The modern day Jack Russell Terrier traces its origins back to the early 19th Century, to a dog name Trump, whom was purchased by the Reverend John Russell. The Reverend John Russell, from whom the Jack Russell Terrier takes its name and were first bred by, can trace their origins back to the now extinct English White Terrier.
The Reverend John Russell bred and developed the breed primarily for fox hunting. Because of their muscular and sturdy build, the Jack Russell Terrier was the perfect hunting companion, able to actually go back into the den and ferret the foxes out.
Jack Russells are similar to the modern day breed of Fox Terriers, with whom they are commonly confused with, as well as the Parsons Russell Terrier and the Russell Terrier. Unlike the aforementioned Parsons and Russell Terrier, the Jack Russell Terrier is not a breed currently recognized by the AKC.
The Jack Russell terrier is a very exhuberant and active breed, that needs frequent stimulation and a high level of exercise. It is because of this exuberance and stamina that they are the perfect companions on fox hunts, as they can rustle the prey out of its den, without causing any bodily harm to themselves or the prey.
Although the lineage of the modern day Jack Russell Terrier dates back to the early 19th Century, after World War II their role of hunting companion turned to that of family pets. It was at this time that they were commonly cross bred with Welsh Corgi's, Chihuahua's and other small breeds of terrier. These combinations were commonly referred to as "Puddin Dogs", "Shortie Jacks" or "Russell Terriers".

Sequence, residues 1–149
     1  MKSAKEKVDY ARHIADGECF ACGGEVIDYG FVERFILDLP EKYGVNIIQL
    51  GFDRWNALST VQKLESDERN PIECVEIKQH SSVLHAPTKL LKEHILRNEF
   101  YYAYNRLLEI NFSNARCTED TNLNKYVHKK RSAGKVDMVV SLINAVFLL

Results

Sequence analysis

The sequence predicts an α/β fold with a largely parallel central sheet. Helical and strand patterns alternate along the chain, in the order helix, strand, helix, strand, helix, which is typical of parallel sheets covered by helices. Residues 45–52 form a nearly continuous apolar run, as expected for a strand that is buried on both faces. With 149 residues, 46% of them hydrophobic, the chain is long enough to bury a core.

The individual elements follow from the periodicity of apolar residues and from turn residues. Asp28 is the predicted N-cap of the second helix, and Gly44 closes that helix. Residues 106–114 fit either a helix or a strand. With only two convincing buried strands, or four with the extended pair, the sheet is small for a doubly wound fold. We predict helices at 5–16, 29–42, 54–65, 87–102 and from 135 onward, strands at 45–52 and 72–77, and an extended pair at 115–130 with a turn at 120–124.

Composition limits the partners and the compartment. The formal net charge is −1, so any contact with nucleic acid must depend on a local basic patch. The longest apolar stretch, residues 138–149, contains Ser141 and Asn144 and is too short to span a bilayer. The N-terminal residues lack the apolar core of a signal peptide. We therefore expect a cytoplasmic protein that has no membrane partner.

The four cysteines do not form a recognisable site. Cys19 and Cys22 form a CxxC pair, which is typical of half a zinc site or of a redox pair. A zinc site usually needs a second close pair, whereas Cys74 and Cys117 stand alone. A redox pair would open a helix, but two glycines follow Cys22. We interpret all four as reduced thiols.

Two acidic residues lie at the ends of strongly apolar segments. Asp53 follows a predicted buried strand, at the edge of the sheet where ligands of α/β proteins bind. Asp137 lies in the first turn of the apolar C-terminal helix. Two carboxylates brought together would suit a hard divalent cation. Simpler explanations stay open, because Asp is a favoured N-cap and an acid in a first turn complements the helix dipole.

In the late 1990's the AKC considered acknowledging the breed of the Jack Russell Terrier officially, but the JRTCA (Jack Russell Terrier Club of America) didn't want the acknowledgement made official. After altering the previous standards for consideration, the AKC accepted the breed in 2001, but as the Parson Russell Terrier. The modern day version of the Jack Russell Terrier is still not recognized by the AKC.
Due to the working nature of the breed, the Jack Russell Terrier has remained very much the same for 200 years--exuburent, vibrant, and energetic. Because they are so alert and always attentive, they make wonderful breeds for training. They are featured in many TV shows, ads, and Movies. Wishbone, the RCA Victrola dog, and Eddie (from Frasier) are a few of the more well known Jack Russell's.
The typical Jack Russell Terrier can live a long, healthy life, with the average life span being 13-16 years. For a list of health conditions that tend to afflict the Jack Russell Terrier, note the previous post Health Conditions to Look for in your Jack Russell Terrier